Given the success of Cuphead, it was bound to happen eventually. In fact, we’re surprised that it’s taken this long for someone to do it. Of course, by ‘it’ we mean copy its formula, and even its art style. Enchanted Portals by Xixo Game Studio simply wants to give players some more old-timey, hardcore run ‘n’ gun action. The trouble is, it falls short.
A neat animated introduction allows players to meet the protagonists of Enchanted Portals: a pair of rookie magicians who find themselves hopping dimensions in pursuit of a book. The tutorial level that follows, however, offers the first signs of a game that’s lacking.
As Bobby or Penny you can move left or right, jump, double-jump, and make use of a trio of spells. You can also perform a melee attack, dash, and momentarily create a shield around yourself to block incoming attacks. Much of this isn’t explained to you though. And neither is the fact that once a gauge around your character icon in the corner of the screen is full, you can power up your attacks for a short while.
Enchanted Portals expects you to figure most of this stuff out for yourself, which isn’t ideal. It also doesn’t make it clear that certain enemies can only be defeated by shooting them with the magic that matches the colour of their aura. Although the game isn’t consistent with this – some enemies appear in multiple colours but you seemingly can’t kill them at all. And projectiles are sometimes colour-coded without any real meaning.
These are just some of the issues you’ll face as you make your way through Enchanted Portals’ fairly large and rather repetitive run ‘n’ gun levels. And some of them are carried over into its multi-stage boss battles, too.
When it comes to bosses, Enchanted Portals is again very much reminiscent of Cuphead. They’re undoubtedly the highlight here, but they’re also where the difficulty gets cranked up a notch. Learn their patterns and lay on enough hurt and you’ll find that they change their tactics throughout the fight, sometimes even offering entirely new mechanics.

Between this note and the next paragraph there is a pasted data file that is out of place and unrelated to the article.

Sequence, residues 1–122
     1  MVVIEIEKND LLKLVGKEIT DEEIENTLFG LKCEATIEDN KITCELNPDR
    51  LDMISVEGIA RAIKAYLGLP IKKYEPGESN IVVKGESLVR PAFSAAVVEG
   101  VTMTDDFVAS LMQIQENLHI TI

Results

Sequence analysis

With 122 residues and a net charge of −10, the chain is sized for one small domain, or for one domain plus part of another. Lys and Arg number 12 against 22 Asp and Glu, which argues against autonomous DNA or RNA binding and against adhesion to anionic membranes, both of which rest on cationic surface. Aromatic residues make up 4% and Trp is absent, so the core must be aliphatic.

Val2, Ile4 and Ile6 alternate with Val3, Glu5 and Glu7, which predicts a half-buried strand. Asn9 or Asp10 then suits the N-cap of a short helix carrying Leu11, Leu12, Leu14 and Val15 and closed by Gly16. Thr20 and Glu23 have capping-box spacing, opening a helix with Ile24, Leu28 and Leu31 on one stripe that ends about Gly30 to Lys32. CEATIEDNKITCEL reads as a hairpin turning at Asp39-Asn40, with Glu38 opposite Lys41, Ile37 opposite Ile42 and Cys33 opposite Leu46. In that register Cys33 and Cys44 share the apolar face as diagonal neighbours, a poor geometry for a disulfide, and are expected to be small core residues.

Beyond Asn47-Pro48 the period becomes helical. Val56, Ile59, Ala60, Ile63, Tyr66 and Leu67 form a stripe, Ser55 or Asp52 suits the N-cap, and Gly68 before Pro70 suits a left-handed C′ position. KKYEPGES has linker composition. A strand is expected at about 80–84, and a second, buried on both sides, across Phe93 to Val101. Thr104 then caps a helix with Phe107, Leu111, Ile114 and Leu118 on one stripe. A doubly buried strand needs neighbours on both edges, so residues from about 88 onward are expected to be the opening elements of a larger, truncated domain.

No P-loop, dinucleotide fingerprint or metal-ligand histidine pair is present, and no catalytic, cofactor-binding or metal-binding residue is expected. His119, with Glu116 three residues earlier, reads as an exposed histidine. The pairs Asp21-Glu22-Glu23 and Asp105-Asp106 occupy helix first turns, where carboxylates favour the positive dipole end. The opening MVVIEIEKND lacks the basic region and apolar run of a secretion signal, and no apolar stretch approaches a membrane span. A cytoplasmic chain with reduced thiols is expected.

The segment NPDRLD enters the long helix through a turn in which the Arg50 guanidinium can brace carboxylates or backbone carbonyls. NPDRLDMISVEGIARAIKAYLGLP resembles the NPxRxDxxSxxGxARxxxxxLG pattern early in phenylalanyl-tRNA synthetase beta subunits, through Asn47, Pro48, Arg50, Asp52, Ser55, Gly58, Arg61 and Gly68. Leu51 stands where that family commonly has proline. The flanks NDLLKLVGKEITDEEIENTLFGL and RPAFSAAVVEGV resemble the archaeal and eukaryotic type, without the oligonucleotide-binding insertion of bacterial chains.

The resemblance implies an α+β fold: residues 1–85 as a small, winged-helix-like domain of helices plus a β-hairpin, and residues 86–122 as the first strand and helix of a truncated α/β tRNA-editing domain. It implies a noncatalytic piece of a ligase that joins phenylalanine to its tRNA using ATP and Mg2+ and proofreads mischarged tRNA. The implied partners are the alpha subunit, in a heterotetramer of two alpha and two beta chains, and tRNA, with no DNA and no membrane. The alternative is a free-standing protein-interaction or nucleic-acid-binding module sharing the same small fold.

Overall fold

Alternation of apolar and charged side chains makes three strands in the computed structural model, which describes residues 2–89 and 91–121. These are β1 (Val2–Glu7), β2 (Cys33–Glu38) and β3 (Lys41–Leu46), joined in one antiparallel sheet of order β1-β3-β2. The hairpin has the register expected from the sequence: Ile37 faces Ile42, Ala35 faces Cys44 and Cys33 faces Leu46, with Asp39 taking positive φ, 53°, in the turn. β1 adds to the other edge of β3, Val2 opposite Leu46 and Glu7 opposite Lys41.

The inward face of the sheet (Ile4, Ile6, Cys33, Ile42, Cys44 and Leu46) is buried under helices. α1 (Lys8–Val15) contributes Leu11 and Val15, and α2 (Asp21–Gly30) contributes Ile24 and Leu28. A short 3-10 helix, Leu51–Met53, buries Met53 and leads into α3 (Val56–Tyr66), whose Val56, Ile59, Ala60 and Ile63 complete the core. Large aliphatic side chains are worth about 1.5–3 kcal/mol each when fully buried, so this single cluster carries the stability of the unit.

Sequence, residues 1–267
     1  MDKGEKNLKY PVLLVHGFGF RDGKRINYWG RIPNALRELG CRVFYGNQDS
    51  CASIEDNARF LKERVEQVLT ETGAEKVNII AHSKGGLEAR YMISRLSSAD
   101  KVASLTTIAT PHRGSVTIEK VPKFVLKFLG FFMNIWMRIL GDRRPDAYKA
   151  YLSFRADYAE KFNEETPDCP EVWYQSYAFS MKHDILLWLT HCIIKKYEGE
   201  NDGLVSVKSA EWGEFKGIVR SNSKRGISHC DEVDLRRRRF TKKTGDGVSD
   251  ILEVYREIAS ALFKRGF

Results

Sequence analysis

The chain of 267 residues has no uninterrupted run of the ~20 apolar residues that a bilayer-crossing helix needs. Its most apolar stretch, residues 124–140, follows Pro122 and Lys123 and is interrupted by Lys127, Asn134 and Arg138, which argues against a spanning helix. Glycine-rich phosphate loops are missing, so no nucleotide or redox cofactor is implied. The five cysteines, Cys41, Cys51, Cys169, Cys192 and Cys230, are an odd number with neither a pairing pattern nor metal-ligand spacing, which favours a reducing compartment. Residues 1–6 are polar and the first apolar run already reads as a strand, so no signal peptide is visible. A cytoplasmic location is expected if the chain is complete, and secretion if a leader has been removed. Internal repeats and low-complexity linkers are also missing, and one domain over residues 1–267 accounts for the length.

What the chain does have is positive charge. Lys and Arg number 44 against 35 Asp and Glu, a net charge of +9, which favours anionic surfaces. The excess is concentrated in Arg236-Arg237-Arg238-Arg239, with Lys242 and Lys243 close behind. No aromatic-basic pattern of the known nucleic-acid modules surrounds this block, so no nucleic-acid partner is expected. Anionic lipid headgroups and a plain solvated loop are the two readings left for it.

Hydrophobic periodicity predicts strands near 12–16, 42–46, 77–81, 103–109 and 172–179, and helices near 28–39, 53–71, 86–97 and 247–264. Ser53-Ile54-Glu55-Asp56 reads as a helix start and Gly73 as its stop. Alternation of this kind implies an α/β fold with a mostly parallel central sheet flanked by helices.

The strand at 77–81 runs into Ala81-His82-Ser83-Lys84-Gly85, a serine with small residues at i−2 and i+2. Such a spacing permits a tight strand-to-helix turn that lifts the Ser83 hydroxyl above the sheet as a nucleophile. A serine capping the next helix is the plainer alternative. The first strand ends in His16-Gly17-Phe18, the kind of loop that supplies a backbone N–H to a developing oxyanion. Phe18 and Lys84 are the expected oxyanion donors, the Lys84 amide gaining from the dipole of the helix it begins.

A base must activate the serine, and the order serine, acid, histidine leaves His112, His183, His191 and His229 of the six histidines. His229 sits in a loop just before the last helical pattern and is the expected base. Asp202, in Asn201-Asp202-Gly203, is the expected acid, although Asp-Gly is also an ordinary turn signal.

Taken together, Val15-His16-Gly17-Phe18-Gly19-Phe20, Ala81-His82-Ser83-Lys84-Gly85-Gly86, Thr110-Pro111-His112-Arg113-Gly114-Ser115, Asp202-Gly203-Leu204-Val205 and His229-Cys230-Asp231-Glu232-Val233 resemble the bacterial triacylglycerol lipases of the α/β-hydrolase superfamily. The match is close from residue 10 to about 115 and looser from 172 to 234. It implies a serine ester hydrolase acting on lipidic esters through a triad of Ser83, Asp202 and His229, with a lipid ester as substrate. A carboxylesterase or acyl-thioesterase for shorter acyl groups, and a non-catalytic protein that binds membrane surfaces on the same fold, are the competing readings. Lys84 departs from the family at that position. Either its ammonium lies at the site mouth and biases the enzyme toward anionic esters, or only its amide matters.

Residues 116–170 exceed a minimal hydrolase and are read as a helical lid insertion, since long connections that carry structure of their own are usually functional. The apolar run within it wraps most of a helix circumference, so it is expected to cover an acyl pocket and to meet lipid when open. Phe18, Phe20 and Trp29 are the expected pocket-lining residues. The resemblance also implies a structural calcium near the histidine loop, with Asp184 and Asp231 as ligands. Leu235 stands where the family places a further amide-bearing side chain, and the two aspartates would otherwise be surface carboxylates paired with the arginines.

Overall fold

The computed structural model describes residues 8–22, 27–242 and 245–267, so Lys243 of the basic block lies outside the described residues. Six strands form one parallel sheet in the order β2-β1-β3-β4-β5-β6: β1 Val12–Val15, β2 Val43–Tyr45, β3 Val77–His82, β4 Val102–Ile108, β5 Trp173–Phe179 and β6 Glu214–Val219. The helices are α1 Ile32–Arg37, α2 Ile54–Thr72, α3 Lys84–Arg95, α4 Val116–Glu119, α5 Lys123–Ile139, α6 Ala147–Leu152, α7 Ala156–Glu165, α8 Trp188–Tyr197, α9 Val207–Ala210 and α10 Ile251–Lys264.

What starts as a typical boss fight against a giant cow in a flying saucer, for example, finds you dancing uncontrollably in its second stage, leaving you to simply avoid falling to your doom as floor tiles give way. Then, in the third stage, the fight turns into scrolling shooter, with your hero using a broom to keep airborne.
There’s no lack of ingenuity here, then, but there is a lack of finesse and polish. You’ll find that the transitions between each stage of a boss fight are a little awkward, switching between your spells is stilted, and after the attractive animated introduction, most of the story is just conveyed with stills.
What really irks us about Enchanted Portals, however, is how lifeless the combat is. There are no sound effects for casting spells or hitting enemies, and it simply leaves the experience feeling soulless and unfinished. Put everything together, and you have a game that has potential, but squanders much of it.
Pick up Enchanted Portals and you’ll find that you can have some fun with it, especially if you get a friend in tow and play in co-op. But while it sports an attractive art style and a listenable soundtrack, the gameplay will frustrate you from time to time, and you’re likely to find its run ‘n’ gun stages a tad too repetitive. Throw in difficulty spikes, disjointed boss transitions and a lack of sound effects, and you have a game that’s ultimately a stylish disappointment.